- Speaker Placement – Usually a Home Cinema room will have multiple speakers. Dependant on the size of the room and the sound format required a relatively small room could have 11 speakers, Dolby Atmos 7.2.2 format 7 surround speakers, 2 height and 2 subwoofers. Some of these speakers would be built into the screen wall, losing more space in the room, however surround speakers should also be located on the side and rear walls, which requires more space!
- Room Acoustics – Sound travels within a space and if the space is not treated correctly problems can occur. Known as the three R’s in simple terms Reflections, Reverberation and Resonance all cause problems in Home Cinema Rooms. With treatment using absorbing and diffusing materials we can treat the issues making massive performance enhancements to your system. Usually these treatments are covered over with design lead stretched fabric treatments, now we can start with the room design and finish details!
- Projector Location – Some people are happy to have a projector bolted to the ceiling over head however again some careful thought regarding product and position here is critical. Throw distance calculations are needed to make sure the picture will fit on the correct size screen you require, the correct lens decision is important also, as well as the right projector for the job, brightness etc are also critical. A projector on the ceiling may create noise, if overhead this will be distracting, heat could also be an issue also. In an ideal world a projector should be housed in an enclosure which can be built into detailing within the room, or dependant on the size of the projector specified, sometimes the projector has a room of it’s own!
- Content – What are you using the cinema for? Movies, Gaming, TV, Sport, do you want a stage for other entertaining, Karaoke etc? All considerations could impact the design?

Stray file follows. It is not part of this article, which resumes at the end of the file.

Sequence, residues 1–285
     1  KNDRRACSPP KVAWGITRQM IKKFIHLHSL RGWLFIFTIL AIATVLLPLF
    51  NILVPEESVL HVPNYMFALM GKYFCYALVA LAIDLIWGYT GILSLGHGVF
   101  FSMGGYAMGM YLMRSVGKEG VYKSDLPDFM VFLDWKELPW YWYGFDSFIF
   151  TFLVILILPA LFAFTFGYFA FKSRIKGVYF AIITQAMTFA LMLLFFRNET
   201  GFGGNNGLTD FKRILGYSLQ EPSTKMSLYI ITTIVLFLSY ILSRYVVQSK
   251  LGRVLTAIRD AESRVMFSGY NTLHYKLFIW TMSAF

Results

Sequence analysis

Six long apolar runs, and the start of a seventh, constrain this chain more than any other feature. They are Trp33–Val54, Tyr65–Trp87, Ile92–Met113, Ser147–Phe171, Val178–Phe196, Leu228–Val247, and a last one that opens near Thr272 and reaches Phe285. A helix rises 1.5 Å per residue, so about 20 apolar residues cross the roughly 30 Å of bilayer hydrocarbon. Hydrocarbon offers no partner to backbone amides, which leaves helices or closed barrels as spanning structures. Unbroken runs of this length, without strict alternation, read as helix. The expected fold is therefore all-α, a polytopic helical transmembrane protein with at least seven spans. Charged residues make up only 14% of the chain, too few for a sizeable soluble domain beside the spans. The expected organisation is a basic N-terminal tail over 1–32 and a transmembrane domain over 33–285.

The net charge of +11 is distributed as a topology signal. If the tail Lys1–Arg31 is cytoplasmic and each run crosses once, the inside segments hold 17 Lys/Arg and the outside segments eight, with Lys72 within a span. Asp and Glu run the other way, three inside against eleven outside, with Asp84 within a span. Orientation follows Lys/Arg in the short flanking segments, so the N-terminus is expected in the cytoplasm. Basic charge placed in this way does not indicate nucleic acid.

- Seating Location – There is a science with regard to seat placement. If an optimal cinema experience is required at all seating locations compromise should not be made. You may want to seat extra bodies so if it is important to accommodate extra secondary seating it must be known that these seats will not carry quite the same experience. Also what style of seating suits cinema seats are not for everyone, at Adept we have a wealth of suitable alternatives, all of the finest quality.
- Screen Size and Options – Screen size is critical for the optimum experience, too close to the screen and you cannot take all of the picture in, too far away and the immersive experience is lost. Usually in a dedicated room a fixed screen would be used, ideally a masking screen is preferred as when different formats are watched the screen size masks the borders, subject to budget.
Hopefully you have found the information within this blog useful? If we can assist you further on your home cinema project Adept offer a full design service where all aspects of the above and more are covered. Please get in touch to find out more or to book a demonstration. We look forward to hearing from you.